But even beauty has no chance,
I think, at Number One!

At Number Six they say Miss Rose

Has slain a score of hearts, [ And Cupid, for her sake, has been ! Quite prodigal of darts.

The Imp they show with bended bow,

I wish he had a gun!

But if he had he'd never deign

To shoot with Number One!

It's very hard, and so it is,

To live in such a row!

And here's a ballad-singer come

To aggravate my woe:

Oh, take away your foolish song,

And tones enough to stun —

There is " Nae luck about the house,"

I know, at Number One!

I'M NOT A SINGLE MAN.

Well, I confess, I did not guess

A simple marriage vow
Would make me find all women-kind

Such unkind women now!
They need not, sure, as distant be

As Java or Japan.—
Yet every Miss reminds me this —

I'm not a single man!

Once they made choice of my bass voice

To share in each duct;
So well I danced, I somehow chanced

To stand in every set:
They now declare I cannot sing.

And dance on Bruin's plan; Me draw! — me paint! — me anything!—

I'm not a single man!

Once I was asked advice, and tasked

What works to buy or not, And " would I read that passage out

I so admired in Scott? They then could bear to hear one read;

But if I now began. How they would snub, "My pretty page,"—

I'm not a single man!

One used to stitch a collar then,

Another hemmed a frill;
I had more purses netted then

Than I could hope to fill.
I once could get a button on,

But now I never can —
My buttons then were Bachelor's —

I'm not a single man!

Oh, how they hated politics

Thrust on me by papa:
But now my chat — they all leave that

To entertain mamma:
Mamma, who praises her own self,

Instead of Jane or Ann,
And lays " her girls" upon the shelf—

I'm not a single man!

Ah me, how strange it is, the change,

In parlor and in hall.
They treat me so, if I but go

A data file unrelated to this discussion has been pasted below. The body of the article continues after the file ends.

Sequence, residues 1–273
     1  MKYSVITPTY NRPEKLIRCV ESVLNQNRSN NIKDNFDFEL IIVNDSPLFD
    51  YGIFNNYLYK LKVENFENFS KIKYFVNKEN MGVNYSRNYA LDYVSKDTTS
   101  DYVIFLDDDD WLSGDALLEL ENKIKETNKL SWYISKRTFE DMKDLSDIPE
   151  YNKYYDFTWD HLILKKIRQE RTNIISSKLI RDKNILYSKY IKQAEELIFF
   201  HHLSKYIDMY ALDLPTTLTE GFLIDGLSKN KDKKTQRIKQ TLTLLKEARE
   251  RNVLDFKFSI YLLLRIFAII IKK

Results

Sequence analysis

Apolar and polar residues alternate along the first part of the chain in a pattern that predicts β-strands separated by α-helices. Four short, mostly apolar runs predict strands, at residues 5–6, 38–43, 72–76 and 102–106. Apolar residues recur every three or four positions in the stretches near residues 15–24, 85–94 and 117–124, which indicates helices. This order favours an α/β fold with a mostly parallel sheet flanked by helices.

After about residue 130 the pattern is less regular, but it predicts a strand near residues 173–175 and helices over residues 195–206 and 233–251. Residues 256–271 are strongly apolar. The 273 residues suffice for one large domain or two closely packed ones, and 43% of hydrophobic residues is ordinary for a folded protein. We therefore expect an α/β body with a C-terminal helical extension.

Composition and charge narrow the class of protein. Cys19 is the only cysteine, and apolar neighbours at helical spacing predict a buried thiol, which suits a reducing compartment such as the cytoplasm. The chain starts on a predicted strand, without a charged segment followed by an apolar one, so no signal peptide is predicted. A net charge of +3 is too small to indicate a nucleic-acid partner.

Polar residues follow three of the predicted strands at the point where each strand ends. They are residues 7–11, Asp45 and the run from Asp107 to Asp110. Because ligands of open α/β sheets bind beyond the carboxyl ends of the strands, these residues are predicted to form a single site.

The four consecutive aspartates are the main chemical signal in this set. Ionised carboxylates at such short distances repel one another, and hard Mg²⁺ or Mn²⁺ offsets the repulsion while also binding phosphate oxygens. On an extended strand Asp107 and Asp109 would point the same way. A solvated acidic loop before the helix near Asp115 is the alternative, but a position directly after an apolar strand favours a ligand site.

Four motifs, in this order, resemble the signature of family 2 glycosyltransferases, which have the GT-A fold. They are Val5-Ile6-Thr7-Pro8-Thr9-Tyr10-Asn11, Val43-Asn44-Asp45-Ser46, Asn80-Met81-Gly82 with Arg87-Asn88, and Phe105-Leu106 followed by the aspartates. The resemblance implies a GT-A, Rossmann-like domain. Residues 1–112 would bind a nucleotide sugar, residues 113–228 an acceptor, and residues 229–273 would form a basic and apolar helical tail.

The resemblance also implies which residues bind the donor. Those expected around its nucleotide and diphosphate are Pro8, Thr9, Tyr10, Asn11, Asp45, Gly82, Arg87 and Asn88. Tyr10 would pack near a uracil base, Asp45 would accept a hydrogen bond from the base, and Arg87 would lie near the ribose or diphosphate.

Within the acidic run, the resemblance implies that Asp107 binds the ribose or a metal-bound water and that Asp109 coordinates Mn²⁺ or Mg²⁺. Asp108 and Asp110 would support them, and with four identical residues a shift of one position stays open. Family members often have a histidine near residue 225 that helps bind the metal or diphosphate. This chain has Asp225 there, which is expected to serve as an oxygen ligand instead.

To make a morning call.

If they had hair in papers once,
Bolt up the stairs they ran;

They now sit still in dishabille —
I'm not a single man!

Miss Mary Bond was once so fond

Of Uomans and of Greeks; She daily sought my cabinet

To study my antiques.
Well, now she doesn't care a dump

For ancient pot or pan.
Her taste at once is modernized —

I'm not a single man!

My spouse is fond of homely life,

And all that sort of thing;
I go to balls without my wife,

And never wear a ring:
And yet each Miss to w hom I come.

As strange as Genghis Khan, Knows by some sign I can't divine —

I'm not a single man!

Go where I will, I but intrude,

I'm left in crowded rooms, Like Zimmerman on Solitude,

Or Hervey at his Tombs. From head to heel they make me feel

Of quite another clan; Compelled to own, though left alone,

I'm not a single man!

Miss Towne the toast, though she can boast

A nose of Roman line.
Will turn up even that in scorn

At compliments of mine:
She should have seen that I have been

Her sex's partisan.
And really married all I could —

I'm not a single man!

'Tis hard to see how others fare.

Whilst I rejected stand.—
Will no one take my arm because

They cannot have my hand? Miss Parry, that for some would go

A trip to Hindostan, With me don't care to mount a stair—

I'm not a single man!

Some change, of course, should be in force.

But, surely, not so much—